It’s been quite some time since I have watched a new Star Trek series. Any Star Trek fan can relate. But once I got over the new special effects, the over use of the Klingon language, and the fact that the series has followed almost entirely a single person instead of a crew or ship… I began to realize something. The writers of Star Trek Discovery must’ve been incredible fans of Pike’s Enterprise and Star Trek: Deep Space Nine.
After a while, especially as the second season emerged with Discovery (and now the third) there were tons of moments where I felt like I was being thrown back into an episode of DS9. “Starship Down”–the unexploded torpedo, “Call to Arms”–Sisko sets all station computers to self-destruct consoles, “Mirror Universe”–an alternate more chaotic universe, and “Civil Defense”–the ore processing center and it’s computer lockout.
But beyond parallels, it also shows us how far the Federation actually came, and what incredible things could be achieved with advances in technology, and a group of the best minds. Though the Discovery was quite an advanced ship for it’s time, only a couple people except for Michael Burnham were consistently displayed as truly brilliant to begin with. The crew appeared to grow into their brilliance, but still, many times Michael ends up saving the ship in ways that perhaps could’ve been delegated to another character. Don’t get me wrong, it’s still awesome. But perhaps that’s where part of the hang up lie with past Trek fans. Like the live action Resident Evil movies with the character Alice, Discovery suffers from a classic case of “lone hero syndrome.”
You see, DS9 wasn’t just about Sisko, O’brien, Odo, Dax or Kira. In fact, neither was The Next Generation or the Original Series either. Sure, all the characters have a huge part to play, but the series wasn’t just about any single one of them. DS9 had an advantage that no other series ever had. It was the one series that didn’t boldly go exploring the vast expanse of universe. Not really. The universe explored DS9. The station was a stationary ship, an outpost, intergalactic trade hub, strategic rook, and one of the biggest, meanest pieces of space hardware the Federation has ever gotten their hands on. It’s a space dock with teeth. And with it, are some of the most brilliant and hearty officers that have ever graced any series of Star Trek ever. A captain who became a master battle tactician and was seen as a link to Bajor’s gods, a doctor who was genetically enhanced, a trill that had lifetimes of experience to draw from, a Klingon officer and a chief engineer who both hail from a past under Picard’s command, a rebel resistance fighter, and a security officer who can turn into anyone or anything at will. Perhaps DS9 kept in mind one thing which Discovery should take a leaf from. The more brilliant the people, the more difficult the challenge.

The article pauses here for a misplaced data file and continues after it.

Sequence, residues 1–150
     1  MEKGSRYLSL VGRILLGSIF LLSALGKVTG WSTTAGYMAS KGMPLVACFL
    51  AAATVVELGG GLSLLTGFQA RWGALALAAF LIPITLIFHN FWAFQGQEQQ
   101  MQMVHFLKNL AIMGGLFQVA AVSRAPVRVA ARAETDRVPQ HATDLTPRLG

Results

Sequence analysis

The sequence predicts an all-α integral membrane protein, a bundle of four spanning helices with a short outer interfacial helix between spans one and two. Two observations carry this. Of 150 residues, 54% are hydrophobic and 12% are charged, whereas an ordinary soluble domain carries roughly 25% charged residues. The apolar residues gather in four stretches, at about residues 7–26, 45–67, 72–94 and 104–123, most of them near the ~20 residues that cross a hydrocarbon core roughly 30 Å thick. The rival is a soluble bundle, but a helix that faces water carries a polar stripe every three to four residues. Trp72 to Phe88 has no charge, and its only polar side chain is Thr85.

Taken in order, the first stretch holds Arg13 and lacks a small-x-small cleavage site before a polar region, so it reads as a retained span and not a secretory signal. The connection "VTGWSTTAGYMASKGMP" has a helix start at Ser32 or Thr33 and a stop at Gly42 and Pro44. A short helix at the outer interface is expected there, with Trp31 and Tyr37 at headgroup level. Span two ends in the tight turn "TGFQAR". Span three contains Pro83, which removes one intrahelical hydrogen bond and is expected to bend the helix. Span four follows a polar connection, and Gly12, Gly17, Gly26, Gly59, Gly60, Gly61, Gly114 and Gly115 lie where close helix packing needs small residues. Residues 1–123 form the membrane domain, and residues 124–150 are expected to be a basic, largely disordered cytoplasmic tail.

That isn’t to say that the Discovery hasn’t had challenges. In fact they have been thrown into an alternate universe, dipped into half universes, traveled through time… Multiple times, and been caught in a time loop even (which crew hasn’t? Remember Voyager: “Year of Hell?”). That’s not even mentioning the identity issues that seem to be prominent with several members of the crew. But things have gotten so abstract and emotion driven at points, maybe we just long for a good old one episode away-mission-gone-wrong with less drama and more survival. And in the third season of Discovery we get a little of this.
Still, the new Star Trek: Discovery has a kind of appeal. New ideas and concepts, like the spore drive. It’s shiny and action packed. It reminds us that old ideas can be renewed and dusted off for new audiences in new ways. All we have to do is hold on and keep and open-mind. To allow ourselves to not stay stagnant, and to boldly go where no one has gone before.